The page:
Euro zone periphery hammered as default fears rise

Posted: November 30, 2010 in Europe, Financial, Government, Man-made disasters
Tags: , , , , , ,

Reuters online 30 Nov 2010

“Sovereign default fears could soon extend to Japan and the United States…” (Bette: The US stock market fell today partly on fears about the Eurozone crisis.)

LISBON/DUBLIN (Reuters) – The euro zone’s debt crisis deepened on Tuesday, with investors pushing the risk premium on Spanish and Italian government bonds to euro lifetime highs amid concern weaker member states may ultimately be forced to default.

European policymakers appeared at a loss to calm markets hell-bent on testing their determination to rescue countries like Portugal and Spain after approving an 85 billion euro ($110.7 billion) bailout for Ireland at the weekend.

The borrowing costs of countries like Belgium and France also rose — and the euro hit a 2-1/2 month low versus the dollar — as investors looked beyond the so-called euro periphery and targeted core founding members of the bloc.

A Reuters survey of 55 leading fund management houses showed U.S. and UK investors had significantly cut back their exposure to euro zone bonds this month, piling into equities instead despite a weakening in global shares.

“The crisis of confidence in Europe can’t be resolved quickly,” said Rick Meckler, president of investment firm LibertyView Capital Management in New York. “No single event can put things back in order.”

Markets are already discounting an eventual rescue of Portugal although the government in Lisbon denies, as Irish leaders initially did, that the country needs outside aid.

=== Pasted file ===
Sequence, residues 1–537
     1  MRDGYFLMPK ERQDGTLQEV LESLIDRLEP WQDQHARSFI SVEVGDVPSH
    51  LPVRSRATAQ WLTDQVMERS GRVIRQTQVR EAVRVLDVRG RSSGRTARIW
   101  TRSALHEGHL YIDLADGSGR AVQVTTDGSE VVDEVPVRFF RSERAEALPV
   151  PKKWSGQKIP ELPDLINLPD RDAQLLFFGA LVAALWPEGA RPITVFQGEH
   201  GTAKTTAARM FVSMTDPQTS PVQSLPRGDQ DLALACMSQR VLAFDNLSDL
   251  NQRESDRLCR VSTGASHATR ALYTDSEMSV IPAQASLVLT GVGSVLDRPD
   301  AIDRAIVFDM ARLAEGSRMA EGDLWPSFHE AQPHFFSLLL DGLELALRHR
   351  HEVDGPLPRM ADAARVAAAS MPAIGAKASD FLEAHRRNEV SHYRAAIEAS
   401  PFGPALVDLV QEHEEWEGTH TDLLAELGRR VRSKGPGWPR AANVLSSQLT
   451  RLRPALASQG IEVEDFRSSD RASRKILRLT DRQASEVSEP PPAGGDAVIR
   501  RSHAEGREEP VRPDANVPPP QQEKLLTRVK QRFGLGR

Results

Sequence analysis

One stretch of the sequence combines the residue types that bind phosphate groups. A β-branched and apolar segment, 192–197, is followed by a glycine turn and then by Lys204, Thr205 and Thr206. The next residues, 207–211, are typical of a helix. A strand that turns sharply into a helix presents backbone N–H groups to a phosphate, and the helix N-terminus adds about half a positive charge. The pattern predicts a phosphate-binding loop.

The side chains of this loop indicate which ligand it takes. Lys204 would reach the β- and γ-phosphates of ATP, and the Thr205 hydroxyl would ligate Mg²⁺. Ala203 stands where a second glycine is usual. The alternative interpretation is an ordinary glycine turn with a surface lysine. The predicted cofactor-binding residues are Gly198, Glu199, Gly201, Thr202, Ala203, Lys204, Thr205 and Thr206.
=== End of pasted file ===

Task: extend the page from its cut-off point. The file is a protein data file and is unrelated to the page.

While a Portuguese rescue would be manageable, assistance for its larger neighbor Spain would sorely test EU resources, raise deeper questions about the integrity of the 12-year old currency area, and possibly spread contagion beyond Europe.

Citigroup Chief Economist Willem Buiter described the turbulence hitting the euro zone as an “opening act” and predicted that sovereign default fears could soon extend to Japan and the United States. “There is no such thing as an absolutely safe sovereign,” he wrote in a research note.

EURO SLIDES, SPREADS WIDEN

The euro fell as low as $1.2969 and has shed nearly 8 percent of its value against the dollar this month.

The yield spreads of 10-year Spanish, Italian and Belgian bonds over German benchmarks spiked to their highest levels since the birth of the euro in January 1999 and the cost of protecting against a euro zone sovereign default surged.

Jitters also hit European banking shares, which fell 1.2 percent, led lower by French banks BNP Paribas, Societe Generale and Credit Agricole on market rumors Standard & Poor’s might cut France’s outlook.

“There is no reason for concern, no risk,” said Francois Baroin, France’s budget minister and government spokesman.

Italian officials also scrambled to play down the risks for their economy, the euro zone’s third largest, which some economists have labeled “too big to bail.”

http://reut.rs/elr387

For more on the Eurozone crisis: http://www.reuters.com/subjects/euro-zone

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What is the Eurozone? From Wikipedia:

The eurozone, officially the euro area, is an economic and monetary union (EMU) of 16 European Union (EU) member states which have adopted the euro currency as their sole legal tender. It currently consists of Austria, Belgium, Cyprus, Finland, France, Germany, Greece, Ireland, Italy, Luxembourg, Malta, the Netherlands, Portugal, Slovakia, Slovenia and Spain. Eight (not including Sweden, which has a de facto opt out) other states are obliged to join the zone once they fulfill the strict entry criteria.

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